From January to April, Katie Pesut, 17, and five of her friends scoured the Internet for six affordable tickets to Katy Perry’s sold-out Vancouver show, California Dreams.
Once they found them, they worked at various minimum-wage, part-time jobs, from King’s Kitchen to Fitness Unlimited, to pay for them – $480 total.
For two months they saved.
The long-anticipated day arrived Tuesday. Pesut, Taryn Whyte, Erica Smith, Emilie Nunez, Jenna Davidson and Robin Goodman were going to see Perry for the first time at Rogers Arena, making the hour and a half commute into the city from Maple Ridge.
The day was spent in a fashion typical for girls 16 and 17 years old, preparing to see one of their pop idols. They rampaged through the mall searching for the perfect “Katy” outfit.
They did their hair, then they did their make up. They even rented a pink limousine.
The girls sent themselves off with an impromptu photo shoot in front of the limo. They struck poses in bright pink and floral skirts, their hair falling straight on their backs. When the time came to leave, they piled into the limo in their four-inch heels. As Perry blasted from the speakers – “You, make, me, feel, like I’m living a, teen-age, dream,” the girls sang right along with her.
They had no idea what was in store for them.
“I’ve loved Katy Perry since I Kissed a Girl,” said Whyte, 16, bright-eyed and fast talking, referring to Perry’s first single from 2008.
The scene at the arena only added to their energy. Tens of thousands of Perry fans, equally wired, surrounded the arena on the sunny evening. Some were decked out more than others, with fluorescent wigs on their heads and glow sticks around their necks. They mingled, talking about how they’ve loved Perry since Day 1, basking in the shared excitement.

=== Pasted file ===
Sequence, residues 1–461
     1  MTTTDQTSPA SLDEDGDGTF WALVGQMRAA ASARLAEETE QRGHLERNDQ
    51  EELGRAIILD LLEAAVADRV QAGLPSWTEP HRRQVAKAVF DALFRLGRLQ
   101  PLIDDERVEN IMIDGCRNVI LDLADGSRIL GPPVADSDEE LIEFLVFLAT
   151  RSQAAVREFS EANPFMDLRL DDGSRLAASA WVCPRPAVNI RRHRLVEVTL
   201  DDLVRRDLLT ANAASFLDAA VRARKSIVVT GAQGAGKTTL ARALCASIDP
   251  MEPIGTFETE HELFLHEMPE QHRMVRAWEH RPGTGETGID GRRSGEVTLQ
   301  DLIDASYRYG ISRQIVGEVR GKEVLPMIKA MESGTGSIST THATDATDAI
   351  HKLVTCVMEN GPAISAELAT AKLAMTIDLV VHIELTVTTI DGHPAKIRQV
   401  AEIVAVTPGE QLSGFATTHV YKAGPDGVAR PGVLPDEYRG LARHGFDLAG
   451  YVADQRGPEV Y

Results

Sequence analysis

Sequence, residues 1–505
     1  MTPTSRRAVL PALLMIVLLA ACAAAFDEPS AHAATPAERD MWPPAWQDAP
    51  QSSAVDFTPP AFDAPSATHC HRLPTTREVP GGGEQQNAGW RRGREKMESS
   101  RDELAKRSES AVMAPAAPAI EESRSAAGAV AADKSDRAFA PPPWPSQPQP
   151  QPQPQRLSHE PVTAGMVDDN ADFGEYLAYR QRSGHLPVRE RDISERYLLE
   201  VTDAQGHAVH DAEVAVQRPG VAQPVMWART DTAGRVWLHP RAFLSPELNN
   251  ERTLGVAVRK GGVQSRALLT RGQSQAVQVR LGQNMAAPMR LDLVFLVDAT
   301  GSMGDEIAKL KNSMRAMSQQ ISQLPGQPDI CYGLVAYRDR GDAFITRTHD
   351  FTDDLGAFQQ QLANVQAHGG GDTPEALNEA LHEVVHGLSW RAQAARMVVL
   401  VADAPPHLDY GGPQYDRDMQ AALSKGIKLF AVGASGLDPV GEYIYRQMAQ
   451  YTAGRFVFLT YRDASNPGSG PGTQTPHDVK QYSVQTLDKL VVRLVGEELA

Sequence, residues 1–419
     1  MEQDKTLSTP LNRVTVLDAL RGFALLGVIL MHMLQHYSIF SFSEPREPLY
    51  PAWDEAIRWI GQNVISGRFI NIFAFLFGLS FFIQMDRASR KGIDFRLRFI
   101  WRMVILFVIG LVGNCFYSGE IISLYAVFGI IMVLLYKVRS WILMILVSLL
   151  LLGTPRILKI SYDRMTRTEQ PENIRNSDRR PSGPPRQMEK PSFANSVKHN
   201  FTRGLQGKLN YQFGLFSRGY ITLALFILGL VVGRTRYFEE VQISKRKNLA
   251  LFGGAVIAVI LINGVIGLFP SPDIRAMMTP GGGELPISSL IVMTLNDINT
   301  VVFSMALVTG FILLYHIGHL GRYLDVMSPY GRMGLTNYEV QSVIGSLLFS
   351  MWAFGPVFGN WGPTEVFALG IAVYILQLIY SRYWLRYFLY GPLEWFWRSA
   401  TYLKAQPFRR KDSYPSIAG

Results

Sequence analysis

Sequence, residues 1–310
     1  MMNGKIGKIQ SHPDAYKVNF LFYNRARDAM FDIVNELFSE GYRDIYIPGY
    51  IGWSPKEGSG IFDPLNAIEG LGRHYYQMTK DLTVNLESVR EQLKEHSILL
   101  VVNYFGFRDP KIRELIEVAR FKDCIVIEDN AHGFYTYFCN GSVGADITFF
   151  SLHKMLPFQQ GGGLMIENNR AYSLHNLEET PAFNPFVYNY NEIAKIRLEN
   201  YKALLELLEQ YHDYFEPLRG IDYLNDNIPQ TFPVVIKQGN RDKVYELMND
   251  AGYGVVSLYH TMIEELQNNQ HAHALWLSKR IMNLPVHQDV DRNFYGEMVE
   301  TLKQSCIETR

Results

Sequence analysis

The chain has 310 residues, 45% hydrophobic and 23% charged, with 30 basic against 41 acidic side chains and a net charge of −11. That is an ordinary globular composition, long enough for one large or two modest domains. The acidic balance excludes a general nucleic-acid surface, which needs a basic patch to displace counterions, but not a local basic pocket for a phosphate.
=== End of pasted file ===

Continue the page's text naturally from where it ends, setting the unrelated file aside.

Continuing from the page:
“We just kept rambling on about the show and our excitement,” says Pesut, pulling her brown hair back behind her shoulders.
At 7 p.m., the six girls made their way up the staircase, through the baggage check, and handed the tickets over to be scanned.
The scanner refused to recognize the tickets.
“We were devastated,” says Pesut, wide-eyed. “I couldn’t believe it. We were disgusted.”
Back in April, one of the girls, Erica Smith, 17, emailed a Kyle Smith through Craigslist. Kyle Smith wanted to sell his tickets quickly because he could no longer make it to the concert. For $80 a ticket, his were significantly cheaper than other tickets sold online. So off they went, alone, to meet the ticket seller in Langley.
“It seemed a little to good to be true,” Pesut said, in hindsight.
“But he just seemed so harmless and trustworthy,” added Erica, who texted her mother from Rogers Arena: “The tickets are fake. I’m bawling right now.”
Security directed them to Box Office 11, which deals with complaints and concerns.
They joined a line of more than 20 people who had all been scammed by the same Kyle Smith. He also went by Chris Friesen.
Mutual feelings of shock and disgust were exchanged.